To be extended to all district courts in the State in a phased manner, says Palaniswami
The Madras High Court on Friday became the first court in south India and eighth in the country to introduce e-court fee payment facility. Chief Minister Edappadi K. Palaniswami and Chief Justice Indira Banerjee jointly launched the facility at the principal seat of the High Court here as well as its Madurai Bench.
In his address, the Chief Minister said: “On this happy occasion, I inform that this government stands in support of judiciary for speedy disposal of cases by introducing new technology and improving infrastructural facilities.” He made it a point to read this line alone in English though his entire speech was in Tamil.
He said that so far only the Supreme Court and the High Courts in Delhi, Punjab, Chhattisgarh, Rajasthan, Uttar Pradesh and Himachal Pradesh had introduced the e-court fee payment facility. The facility now introduced at the Madras High Court would be extended to the district courts too in a phased manner, he added.
In her address, the Chief Justice said that e-stamps would do away with the hassle of procuring physical court fee stamps, which were in demand most of the time, and sticking them on case bundles while filing cases in the court. She said litigants and lawyers could now purchase court fee stamps online at the comfort of their home.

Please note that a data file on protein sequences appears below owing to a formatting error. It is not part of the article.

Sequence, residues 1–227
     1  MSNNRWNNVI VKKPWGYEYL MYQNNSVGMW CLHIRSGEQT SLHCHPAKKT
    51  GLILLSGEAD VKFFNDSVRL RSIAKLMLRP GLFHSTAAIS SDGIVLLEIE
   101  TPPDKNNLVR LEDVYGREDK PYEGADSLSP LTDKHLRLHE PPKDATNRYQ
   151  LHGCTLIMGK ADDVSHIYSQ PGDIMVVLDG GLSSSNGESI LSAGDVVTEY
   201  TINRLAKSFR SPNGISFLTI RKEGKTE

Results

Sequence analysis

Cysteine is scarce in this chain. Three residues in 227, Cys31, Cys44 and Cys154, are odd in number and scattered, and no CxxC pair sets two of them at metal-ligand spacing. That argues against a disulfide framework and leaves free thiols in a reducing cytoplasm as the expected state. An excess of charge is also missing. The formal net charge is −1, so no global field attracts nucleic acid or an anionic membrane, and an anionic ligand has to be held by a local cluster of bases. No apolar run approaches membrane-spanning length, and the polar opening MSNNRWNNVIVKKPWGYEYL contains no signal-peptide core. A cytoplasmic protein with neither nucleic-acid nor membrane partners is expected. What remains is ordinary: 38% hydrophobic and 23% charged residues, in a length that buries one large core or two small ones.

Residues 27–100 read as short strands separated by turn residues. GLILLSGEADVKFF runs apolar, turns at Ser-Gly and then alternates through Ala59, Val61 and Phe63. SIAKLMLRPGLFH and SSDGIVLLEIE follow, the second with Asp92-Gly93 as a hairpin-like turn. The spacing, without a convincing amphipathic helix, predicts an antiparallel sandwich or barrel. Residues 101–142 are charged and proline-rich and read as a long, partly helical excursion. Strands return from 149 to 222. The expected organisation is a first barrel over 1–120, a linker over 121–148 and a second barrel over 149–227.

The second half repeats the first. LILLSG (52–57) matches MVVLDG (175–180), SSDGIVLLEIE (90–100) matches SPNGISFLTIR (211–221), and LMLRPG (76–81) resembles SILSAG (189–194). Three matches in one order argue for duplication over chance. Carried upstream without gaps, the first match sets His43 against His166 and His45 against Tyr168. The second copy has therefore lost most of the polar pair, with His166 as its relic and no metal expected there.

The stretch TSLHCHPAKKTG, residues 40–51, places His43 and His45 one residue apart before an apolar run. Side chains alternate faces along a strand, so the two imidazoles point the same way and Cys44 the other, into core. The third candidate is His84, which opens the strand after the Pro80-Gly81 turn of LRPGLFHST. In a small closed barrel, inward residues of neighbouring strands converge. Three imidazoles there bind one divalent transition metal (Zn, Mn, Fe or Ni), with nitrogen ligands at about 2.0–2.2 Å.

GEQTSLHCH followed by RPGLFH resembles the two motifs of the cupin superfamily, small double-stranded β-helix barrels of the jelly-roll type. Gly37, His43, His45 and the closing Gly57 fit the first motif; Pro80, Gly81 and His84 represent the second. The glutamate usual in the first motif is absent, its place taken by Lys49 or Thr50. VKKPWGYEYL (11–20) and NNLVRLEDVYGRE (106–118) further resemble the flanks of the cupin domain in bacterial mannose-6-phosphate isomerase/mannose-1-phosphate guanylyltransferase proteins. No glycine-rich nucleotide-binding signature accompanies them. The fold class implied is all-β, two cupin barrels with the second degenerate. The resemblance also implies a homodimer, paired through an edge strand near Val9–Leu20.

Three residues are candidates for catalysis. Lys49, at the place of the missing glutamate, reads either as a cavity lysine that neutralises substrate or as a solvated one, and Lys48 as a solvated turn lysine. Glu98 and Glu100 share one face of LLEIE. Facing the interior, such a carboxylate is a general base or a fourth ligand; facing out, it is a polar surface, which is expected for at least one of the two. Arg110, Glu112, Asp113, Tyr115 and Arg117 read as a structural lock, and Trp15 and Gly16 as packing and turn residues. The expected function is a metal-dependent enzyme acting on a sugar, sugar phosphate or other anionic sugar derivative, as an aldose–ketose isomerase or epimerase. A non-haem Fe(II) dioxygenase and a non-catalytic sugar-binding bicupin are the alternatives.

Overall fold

Justice T.S. Sivagnanam, chairman of the computerisation committee of the High Court, said it was only in 2017 that the High Court sent a proposal to the State government for introducing e-stamps. The proposal was accepted and Sections 74 and 75 of the Tamil Nadu Court Fees and Suits Valuation Act of 1965 were amended to pave way for the facility. He pointed out that litigants can purchase e-court fee stamps by visiting www.shcilestamp.com any time and making the payment online through account transfer, NEFT, RTGS, debit or credit cards. A printout of the receipt generated by the system alone need to be presented along with the case papers for cross verification by the court Registry.
Stating that e-stamps were tamper proof and could not be reused at all, he said: “On an average there is an increase of 8 to 10% in court fee remittance every year in the Madras High Court alone. The statistics for the year 2015 shows that ₹19.75 crore worth of court fee had been remitted in the High Court and the 2016 figures are yet to be made ready.”
Unlike hundreds and thousands of judicial stamp papers filed in the court earlier whenever higher denomination of court fee had to be paid, the judge said the e-stamp facility provides for filing a single receipt irrespective of the quantum of court fee paid. Chief Secretary Girija Vaidyanathan and Home Secretary Niranjan Mardi also spoke.